|1. The geographic and temporal focus of the department’s curriculum is narrowing and should be broadened. The curriculum is focused on Canada and, to a lesser extent, the US and western Europe. This is in “opposition to ongoing developments in the larger discipline of history. (p.8)||This narrowing reflects the fact that the department has had little input into the selection of new hires (thus, departmental priorities have not been adequately considered). It has been aggravated by the fact that all four of the faculty members who are departing as a result of WFA are specialists in non-North American fields. In the short-term, the Department will seek to redress this problem through the hiring of limited term sabbaticant replacements who have non-North American expertise. In the medium-term, the Department will prioritize the hiring of a specialist in a non-North American field.|
|2. Greater effort to eliminate course conflicts for courses delivered in French. (pp. 9-10)||Short-term: The History Department timetable representative will endeavour to eliminate, to the extent possible, conflicts between 300 and 400 level courses delivered in French.
Medium-Term: the History department will prioritize the hiring of a faculty member who can teach courses in French. Increased course offerings in French will reduce these problems.
|Teaching and Assessment Recommendations/ Comments||Action/Response|
|3. Faculty members be encouraged to experiment with alternative assessment strategies. (p.10)||The Department, with the support of the Dean, emphasizes pedagogical development/ experimentation.|
|4. The History Department needs to redress the Canadian- and western-centric orientation of the program. The ERC notes that “the geographical and temporal focus of the department is narrow, and will be even more so following the upcoming staff departure [as a result of WFA].”(8) The ERC further observes: “This orientation does not reflect ongoing trends in the field of history, it does not reflect the complex reality of the world today and it arguably does not reflect the challenges that military officers will likely [encounter] in the future.” (21)||See Response to #1 above.
The Department will prioritize the appointment of a non-North American specialist.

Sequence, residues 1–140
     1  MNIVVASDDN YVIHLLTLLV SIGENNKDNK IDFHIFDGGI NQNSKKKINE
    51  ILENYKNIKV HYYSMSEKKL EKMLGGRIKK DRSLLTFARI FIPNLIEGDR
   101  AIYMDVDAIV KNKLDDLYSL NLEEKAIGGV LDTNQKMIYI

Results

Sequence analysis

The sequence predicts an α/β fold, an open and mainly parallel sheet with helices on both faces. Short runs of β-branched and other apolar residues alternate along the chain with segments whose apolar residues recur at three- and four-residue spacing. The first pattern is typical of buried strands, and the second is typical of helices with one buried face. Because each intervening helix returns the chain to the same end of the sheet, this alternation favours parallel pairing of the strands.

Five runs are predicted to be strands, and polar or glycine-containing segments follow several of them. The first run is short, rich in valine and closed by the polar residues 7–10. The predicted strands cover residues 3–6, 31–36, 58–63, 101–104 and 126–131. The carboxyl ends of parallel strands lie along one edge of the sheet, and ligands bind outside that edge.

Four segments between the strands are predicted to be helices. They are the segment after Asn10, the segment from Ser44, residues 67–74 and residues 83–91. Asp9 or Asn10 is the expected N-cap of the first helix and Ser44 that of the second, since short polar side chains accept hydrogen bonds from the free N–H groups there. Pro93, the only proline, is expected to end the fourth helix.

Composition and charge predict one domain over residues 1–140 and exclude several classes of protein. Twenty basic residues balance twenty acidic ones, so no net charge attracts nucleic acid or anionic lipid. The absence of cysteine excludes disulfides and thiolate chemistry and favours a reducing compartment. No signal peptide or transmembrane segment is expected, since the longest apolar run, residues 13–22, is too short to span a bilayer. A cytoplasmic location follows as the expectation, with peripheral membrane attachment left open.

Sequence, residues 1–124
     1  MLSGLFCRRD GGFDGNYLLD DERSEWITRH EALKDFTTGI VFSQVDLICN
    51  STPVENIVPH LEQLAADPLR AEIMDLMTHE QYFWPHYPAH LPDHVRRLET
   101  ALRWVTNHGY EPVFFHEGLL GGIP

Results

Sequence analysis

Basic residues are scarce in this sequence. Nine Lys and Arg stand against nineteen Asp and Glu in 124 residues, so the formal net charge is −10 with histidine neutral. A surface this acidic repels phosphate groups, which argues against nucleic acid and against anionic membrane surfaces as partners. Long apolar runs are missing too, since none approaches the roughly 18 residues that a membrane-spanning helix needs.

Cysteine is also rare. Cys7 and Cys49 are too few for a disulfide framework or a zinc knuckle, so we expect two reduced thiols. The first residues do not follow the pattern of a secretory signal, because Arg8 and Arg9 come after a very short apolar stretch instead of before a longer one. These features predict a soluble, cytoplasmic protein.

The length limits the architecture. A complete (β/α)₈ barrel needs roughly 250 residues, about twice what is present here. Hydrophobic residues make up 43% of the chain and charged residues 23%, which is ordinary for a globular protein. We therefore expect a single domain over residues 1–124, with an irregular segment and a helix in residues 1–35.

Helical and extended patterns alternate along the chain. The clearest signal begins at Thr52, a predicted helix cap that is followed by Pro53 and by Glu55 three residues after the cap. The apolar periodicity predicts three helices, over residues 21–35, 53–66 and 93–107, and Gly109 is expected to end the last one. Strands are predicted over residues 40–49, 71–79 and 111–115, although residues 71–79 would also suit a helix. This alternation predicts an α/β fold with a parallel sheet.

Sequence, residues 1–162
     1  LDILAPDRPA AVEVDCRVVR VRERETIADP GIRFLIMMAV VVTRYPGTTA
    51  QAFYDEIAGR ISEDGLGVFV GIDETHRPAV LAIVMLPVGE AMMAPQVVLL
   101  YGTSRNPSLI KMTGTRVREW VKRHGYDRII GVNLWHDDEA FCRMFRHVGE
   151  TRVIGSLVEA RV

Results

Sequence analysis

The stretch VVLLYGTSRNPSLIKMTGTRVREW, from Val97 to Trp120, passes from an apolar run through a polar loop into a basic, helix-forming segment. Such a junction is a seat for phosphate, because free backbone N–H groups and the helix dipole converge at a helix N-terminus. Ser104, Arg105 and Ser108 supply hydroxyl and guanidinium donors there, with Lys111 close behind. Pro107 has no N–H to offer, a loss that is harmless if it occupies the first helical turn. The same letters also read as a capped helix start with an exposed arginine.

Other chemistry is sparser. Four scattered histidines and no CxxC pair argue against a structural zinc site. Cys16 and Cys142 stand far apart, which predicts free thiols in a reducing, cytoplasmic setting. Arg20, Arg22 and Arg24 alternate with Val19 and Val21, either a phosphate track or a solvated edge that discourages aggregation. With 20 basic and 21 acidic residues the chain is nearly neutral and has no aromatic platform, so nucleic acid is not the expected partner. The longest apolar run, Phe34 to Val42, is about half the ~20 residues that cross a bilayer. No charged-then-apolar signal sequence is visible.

|5. Numerical imbalance between Francophone and Anglophone faculty. As a result of WFA, the number of faculty members who teach in French exclusively has declined from six (6) to four (4) over the past two years. The impact is that Francophone undergraduate History students have fewer electives than do their Anglophone counterparts.(p.5)||With the current teaching complement, the History Department can meet its core teaching obligations and offer only 8 electives in French each year. This is the bare minimum that can be offered in order to ensure that students can obtain their History degree in French (taking into account timetable conflicts that inevitably arise and which prevent students from taking a particular elective.) Even so, this means that Francophone students will continue to have less choice in their programme than do their Anglophone counterparts. While this may be workable in the short-term, it is essential that the Department be able to hire someone capable of teaching in French.|
|6. To promote collegiality and cooperation, it would be preferable if all faculty had offices in the same building.||This has been impossible due to space limitations in Massey Library. There are currently three members of the Department who have offices elsewhere. After the WFA process is complete, it might be possible to move some to Massey. However, it should also be noted that because some faculty are involved in the administration of the War Studies Programme it is necessary that they be located in Cavalry House.|
|7. The ERC highlighted faculty concerns regarding existing library resources. Of particular concern, was lack of library space and resources to store and catalogue its holdings; the cancellation of subscriptions to electronic journals; and lack of French language library resources.||Plans are ongoing for a renovation of Massey Library; this might alleviate space problems. Senior administrators at RMC are currently in discussions with DND and PWGSC to resolve the situation.|